Among other interests, GDH has several consumer electronic manufacturing companies (mobile devices, laptop and desktop computers, HDTVs, digital cameras, DVD players, home stereo systems, car radio/CD players, microwaves, food processors, etc.) under its corporate umbrella. After a review of resource suppliers, it was discovered that numerous vendors had on-going "direct" relationships with many of these GDH companies.
TuHi Plastics Corporation, a pre-formed plastic components supplier, had business relationships with all of GDH's electronics companies and was of particular interest to GDH. With combined sales of more than $90,000,000, GDH was one of TuHi's largest customers.
TuHi, through its direct and VAR sales channels, provided volume discounts based on the individual subsidiary's annual purchases and passed those savings back directly to each of them. These discounts appeared equitable; scaling from 2 percent to 10 percent reduction in the cost of materials -- depending on a specific company's purchase volume. However, these were all "siloed" relationships. GDH had no "established" data linkage between its companies' disparate databases.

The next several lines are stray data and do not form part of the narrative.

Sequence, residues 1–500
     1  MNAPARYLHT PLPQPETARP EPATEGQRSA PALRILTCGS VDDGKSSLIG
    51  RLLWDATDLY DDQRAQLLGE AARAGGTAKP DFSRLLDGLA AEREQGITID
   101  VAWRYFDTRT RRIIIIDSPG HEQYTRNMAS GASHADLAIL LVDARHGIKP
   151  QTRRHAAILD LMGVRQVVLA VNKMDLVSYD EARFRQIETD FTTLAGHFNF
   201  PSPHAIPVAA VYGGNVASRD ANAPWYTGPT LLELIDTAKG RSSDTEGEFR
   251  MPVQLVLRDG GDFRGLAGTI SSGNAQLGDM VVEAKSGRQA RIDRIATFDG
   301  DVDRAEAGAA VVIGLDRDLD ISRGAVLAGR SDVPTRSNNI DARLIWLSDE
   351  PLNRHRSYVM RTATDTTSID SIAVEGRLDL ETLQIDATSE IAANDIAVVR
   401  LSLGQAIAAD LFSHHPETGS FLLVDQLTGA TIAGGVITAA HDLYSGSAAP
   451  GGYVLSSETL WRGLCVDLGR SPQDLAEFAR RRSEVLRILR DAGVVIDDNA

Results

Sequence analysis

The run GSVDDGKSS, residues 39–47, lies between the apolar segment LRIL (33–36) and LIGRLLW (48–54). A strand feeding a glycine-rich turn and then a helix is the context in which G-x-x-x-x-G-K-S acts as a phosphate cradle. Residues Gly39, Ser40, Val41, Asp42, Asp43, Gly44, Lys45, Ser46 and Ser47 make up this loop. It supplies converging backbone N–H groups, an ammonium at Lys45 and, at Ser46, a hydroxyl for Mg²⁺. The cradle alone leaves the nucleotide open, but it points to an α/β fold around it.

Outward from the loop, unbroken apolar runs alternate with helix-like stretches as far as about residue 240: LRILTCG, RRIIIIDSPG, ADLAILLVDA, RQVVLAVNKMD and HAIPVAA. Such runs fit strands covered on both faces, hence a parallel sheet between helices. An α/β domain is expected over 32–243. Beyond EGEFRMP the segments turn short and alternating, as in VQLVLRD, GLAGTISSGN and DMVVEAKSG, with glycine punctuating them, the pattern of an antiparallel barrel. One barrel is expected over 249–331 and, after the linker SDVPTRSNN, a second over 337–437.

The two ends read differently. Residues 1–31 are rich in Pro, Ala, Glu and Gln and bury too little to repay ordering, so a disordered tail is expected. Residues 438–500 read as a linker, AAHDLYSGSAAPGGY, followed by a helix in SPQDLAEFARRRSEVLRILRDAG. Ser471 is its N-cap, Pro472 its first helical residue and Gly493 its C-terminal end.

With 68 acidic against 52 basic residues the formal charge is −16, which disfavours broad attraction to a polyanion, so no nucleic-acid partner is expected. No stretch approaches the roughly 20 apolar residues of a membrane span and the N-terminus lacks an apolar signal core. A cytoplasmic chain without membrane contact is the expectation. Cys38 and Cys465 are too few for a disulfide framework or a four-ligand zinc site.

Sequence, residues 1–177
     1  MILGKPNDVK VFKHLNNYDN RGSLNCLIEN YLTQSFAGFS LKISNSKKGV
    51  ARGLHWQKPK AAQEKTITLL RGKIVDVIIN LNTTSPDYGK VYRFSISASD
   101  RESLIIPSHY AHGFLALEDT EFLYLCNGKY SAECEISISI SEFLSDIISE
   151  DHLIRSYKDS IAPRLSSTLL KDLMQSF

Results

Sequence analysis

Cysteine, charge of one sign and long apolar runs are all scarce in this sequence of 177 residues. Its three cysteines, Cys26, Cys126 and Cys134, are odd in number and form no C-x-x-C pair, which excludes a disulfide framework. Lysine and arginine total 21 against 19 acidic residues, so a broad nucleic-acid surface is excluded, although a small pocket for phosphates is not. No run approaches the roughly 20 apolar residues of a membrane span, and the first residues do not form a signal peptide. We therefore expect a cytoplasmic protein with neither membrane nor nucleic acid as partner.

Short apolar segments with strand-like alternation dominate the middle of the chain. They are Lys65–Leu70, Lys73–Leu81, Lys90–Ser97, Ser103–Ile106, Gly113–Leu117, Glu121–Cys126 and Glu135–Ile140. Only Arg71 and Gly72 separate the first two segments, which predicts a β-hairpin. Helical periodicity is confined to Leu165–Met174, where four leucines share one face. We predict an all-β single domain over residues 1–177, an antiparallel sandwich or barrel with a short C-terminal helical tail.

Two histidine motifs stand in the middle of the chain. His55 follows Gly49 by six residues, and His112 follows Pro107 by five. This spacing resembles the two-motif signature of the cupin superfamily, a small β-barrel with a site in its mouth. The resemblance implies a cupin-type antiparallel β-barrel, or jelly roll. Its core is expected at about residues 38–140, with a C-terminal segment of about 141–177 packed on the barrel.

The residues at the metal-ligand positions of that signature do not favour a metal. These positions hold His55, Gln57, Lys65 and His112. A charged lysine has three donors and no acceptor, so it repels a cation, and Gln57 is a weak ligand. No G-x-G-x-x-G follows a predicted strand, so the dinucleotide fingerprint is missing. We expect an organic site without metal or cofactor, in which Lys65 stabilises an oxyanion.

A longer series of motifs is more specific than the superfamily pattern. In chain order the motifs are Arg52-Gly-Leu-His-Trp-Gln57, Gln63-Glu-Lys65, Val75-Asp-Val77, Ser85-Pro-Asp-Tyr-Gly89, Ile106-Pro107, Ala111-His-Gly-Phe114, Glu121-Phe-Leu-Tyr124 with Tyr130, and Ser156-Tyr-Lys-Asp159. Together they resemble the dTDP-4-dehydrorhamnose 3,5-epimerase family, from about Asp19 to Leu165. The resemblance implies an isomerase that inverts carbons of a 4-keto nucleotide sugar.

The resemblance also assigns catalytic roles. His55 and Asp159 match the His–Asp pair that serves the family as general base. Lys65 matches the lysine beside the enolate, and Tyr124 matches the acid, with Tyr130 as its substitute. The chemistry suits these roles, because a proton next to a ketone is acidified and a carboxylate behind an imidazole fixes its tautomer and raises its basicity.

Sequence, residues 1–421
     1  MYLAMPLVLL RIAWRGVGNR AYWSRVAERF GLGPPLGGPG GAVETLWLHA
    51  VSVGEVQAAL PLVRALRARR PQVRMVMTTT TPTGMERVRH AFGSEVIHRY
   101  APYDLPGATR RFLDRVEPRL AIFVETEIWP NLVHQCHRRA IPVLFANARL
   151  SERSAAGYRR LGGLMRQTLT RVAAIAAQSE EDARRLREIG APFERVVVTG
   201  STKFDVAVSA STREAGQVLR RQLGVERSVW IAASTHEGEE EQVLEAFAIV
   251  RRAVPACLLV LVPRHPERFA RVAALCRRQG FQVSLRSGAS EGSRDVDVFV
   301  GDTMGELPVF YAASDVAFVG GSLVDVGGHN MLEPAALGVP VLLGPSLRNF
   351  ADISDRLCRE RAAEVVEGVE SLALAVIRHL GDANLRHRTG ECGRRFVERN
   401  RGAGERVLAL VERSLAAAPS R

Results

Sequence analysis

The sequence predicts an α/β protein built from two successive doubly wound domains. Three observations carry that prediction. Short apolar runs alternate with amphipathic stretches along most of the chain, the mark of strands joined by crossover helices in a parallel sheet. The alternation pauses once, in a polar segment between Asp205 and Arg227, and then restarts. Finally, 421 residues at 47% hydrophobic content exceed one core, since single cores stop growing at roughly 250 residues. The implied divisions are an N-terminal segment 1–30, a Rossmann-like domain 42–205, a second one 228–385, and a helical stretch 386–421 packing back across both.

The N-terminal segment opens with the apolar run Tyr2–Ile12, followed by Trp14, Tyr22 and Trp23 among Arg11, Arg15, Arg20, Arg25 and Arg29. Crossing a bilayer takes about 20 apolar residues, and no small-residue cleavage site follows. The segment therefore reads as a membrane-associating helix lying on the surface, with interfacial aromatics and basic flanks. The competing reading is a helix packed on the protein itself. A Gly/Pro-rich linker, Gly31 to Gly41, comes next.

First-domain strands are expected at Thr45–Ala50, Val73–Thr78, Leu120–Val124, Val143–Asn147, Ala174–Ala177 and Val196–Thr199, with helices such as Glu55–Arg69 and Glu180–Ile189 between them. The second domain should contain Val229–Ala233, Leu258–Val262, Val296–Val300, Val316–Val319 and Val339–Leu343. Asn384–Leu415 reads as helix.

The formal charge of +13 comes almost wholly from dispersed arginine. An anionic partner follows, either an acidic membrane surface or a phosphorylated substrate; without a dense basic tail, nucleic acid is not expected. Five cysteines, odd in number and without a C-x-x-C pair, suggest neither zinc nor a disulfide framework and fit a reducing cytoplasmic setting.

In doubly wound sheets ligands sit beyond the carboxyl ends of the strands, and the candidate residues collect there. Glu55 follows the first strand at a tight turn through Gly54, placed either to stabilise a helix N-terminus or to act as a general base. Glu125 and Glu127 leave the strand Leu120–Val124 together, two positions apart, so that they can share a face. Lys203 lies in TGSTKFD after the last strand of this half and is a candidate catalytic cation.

By implementing a data "householding" process, using hierarchy linking methodologies, GDH was able to pool all of its companies' annual TuHi purchase commitments and negotiate a 60 percent annual volume discount at a corporate level. This worked particularly well for GDH, given volatile commodity pricing (plastic is a petroleum-based product).
This also added stability for GDH's subsidiaries' cost of goods. As one subsidiary experienced a sales decline, such as the car radio group (because of the auto industry's softening sales), the skyrocketing mobile phone and HDTV sales, from other GDH subsidiaries, offset the shortfalls of its car radio subsidiary's TuHi purchase commitments, and GDH retained its volume discount.